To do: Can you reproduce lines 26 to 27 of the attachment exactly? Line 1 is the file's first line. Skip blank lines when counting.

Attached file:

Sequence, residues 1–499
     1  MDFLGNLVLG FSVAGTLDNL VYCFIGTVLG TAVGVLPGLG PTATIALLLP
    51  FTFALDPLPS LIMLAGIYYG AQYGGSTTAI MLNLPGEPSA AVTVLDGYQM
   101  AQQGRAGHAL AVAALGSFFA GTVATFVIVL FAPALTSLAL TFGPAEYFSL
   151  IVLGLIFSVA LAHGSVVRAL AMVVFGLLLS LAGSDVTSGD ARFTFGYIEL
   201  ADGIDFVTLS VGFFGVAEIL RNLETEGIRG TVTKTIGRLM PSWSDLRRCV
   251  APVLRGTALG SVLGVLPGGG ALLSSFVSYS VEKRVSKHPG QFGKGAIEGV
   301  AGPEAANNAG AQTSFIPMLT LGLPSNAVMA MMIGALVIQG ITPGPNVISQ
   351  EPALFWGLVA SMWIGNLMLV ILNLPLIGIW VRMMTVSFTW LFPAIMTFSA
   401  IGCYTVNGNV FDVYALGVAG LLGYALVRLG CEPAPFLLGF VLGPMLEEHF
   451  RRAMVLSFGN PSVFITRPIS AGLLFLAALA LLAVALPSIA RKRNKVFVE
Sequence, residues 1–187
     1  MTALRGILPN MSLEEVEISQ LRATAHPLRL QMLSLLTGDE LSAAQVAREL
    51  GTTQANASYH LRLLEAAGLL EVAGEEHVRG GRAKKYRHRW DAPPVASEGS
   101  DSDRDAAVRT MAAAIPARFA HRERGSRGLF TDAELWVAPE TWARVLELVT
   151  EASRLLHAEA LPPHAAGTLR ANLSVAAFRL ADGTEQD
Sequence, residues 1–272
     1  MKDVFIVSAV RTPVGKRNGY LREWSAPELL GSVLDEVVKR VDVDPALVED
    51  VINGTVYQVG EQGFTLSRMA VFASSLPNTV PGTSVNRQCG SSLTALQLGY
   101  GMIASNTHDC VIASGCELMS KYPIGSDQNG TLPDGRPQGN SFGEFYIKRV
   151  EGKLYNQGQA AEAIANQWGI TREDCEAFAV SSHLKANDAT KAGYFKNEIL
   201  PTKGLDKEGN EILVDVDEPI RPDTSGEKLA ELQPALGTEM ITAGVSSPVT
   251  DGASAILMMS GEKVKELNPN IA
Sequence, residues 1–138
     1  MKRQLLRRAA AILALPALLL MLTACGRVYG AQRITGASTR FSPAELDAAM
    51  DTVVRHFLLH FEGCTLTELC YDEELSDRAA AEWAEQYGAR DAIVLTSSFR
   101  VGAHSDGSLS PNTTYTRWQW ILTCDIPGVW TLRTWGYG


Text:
    51  DTVVRHFLLH FEGCTLTELC YDEELSDRAA AEWAEQYGAR DAIVLTSSFR
   101  VGAHSDGSLS PNTTYTRWQW ILTCDIPGVW TLRTWGYG